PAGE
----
Week 10: Thursday, The Presentation of the Lord

When the time came for Mary’s purification according to the Law of Moses, she brought the babe Jesus to Jerusalem to present him to the Lord as the firstborn child. In Jerusalem there was a man named Simeon, righteous and devout, waiting for the coming of the Lord, filled with the Spirit, having been told that he would not die until he saw the Lord’s Christ. On coming into the temple, when Mary and Joseph were bringing the baby Jesus into the temple, Simeon took him up in his arms and blessed the Lord. He exclaimed that God was letting him depart in peace according to his word, for his eyes had seen his salvation, “prepared in the presence of all peoples, a light for revelation to the Gentiles and for your glory to your people Israel.”

Simeon testified that the child Jesus was the salvation of the Lord, the very one elected by God to reveal the truth to the nations, and the glory of Israel.

Invocation: Our Prayer of Acclamation

Father of light, unchanging God, you reveal to those of faith the resplendent fact of the Word made flesh. Your light is strong, your love is near; draw us beyond the limits which this world imposes to the life where the Spirit makes all life complete. We ask this through Christ our Lord. Amen.

~ International Committee on English in the Liturgy, Inc. In William G. Story, A Prayer Book of Catholic Devotions: Praying the Seasons and Feasts of the Church Year. Chicago, IL: Loyola Press, 2004. p. 67.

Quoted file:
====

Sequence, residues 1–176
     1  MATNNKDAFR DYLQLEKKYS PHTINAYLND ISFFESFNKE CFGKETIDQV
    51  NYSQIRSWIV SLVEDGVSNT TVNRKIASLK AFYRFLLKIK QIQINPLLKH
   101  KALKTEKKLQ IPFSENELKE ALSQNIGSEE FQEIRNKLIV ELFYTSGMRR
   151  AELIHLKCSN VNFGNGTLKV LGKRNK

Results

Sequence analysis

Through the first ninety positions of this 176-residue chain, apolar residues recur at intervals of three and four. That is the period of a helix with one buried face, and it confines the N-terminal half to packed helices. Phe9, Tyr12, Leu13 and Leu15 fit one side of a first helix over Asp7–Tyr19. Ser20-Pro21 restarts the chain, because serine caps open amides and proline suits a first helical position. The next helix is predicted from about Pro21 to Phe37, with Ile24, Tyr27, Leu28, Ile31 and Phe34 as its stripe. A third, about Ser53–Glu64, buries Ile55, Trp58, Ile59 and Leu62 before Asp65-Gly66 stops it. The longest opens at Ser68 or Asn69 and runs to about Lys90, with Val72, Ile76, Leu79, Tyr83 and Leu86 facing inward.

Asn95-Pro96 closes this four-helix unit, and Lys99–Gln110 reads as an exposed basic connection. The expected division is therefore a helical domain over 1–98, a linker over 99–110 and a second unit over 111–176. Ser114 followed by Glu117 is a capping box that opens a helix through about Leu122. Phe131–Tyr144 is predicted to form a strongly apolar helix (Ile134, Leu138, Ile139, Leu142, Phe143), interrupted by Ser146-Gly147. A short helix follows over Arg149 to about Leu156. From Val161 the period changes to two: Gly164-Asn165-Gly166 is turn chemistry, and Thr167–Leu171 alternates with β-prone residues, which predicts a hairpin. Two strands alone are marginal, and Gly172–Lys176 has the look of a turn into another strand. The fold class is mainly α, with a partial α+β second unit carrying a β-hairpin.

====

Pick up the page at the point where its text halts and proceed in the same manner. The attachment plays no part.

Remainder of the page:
Call to Worship
Blessed are you, O God: Father, Son, and Holy Spirit. And blessed is your Kingdom, both now and forever, amen.

Te Deum Laudamus 
You are God: we praise you; you are the Lord; we acclaim you; you are the eternal Father: All creation worships you. To you all angels, all the powers of heaven, Cherubim and Seraphim, sing in endless praise: Holy, holy, holy Lord, God of power and might, heaven and earth are full of your glory.

The glorious company of apostles praise you. The noble fellowship of prophets praise you. The white-robed army of martyrs praise you. Throughout the world the holy Church acclaims you; Father, of majesty unbounded, your true and only Son, worthy of all worship, and the Holy Spirit, advocate and guide.

You, Christ, are the king of glory, the eternal Son of the Father. When you became man to set us free you did not shun the Virgin’s womb. You overcame the sting of death and opened the kingdom of heaven to all believers. You are seated at God’s right hand in glory. We believe that you will come and be our judge. Come then, Lord, and help your people, bought with the price of your own blood, and bring us with your saints to glory everlasting.

Praise and Thanksgiving (songs and prayers)

Gloria Patri
Glory be to the Father,
And to the Son and to the Holy Spirit:
As it was in the beginning,
Is now, and ever shall be,
World without end. Amen, amen.

Chronological Reading for the Day

An annual reading through the Bible in the order in which the events took place

Thursday: Num. 30-31

Lectionary Readings for the Day
Psalm: Ps. 84
OT: Mal. 3.1-4
Gospel: Luke 2.22-40
NT: Heb. 2.14-18

(Click here for all readings)

Reflection: Silence and/or Journaling

The Apostles’ Creed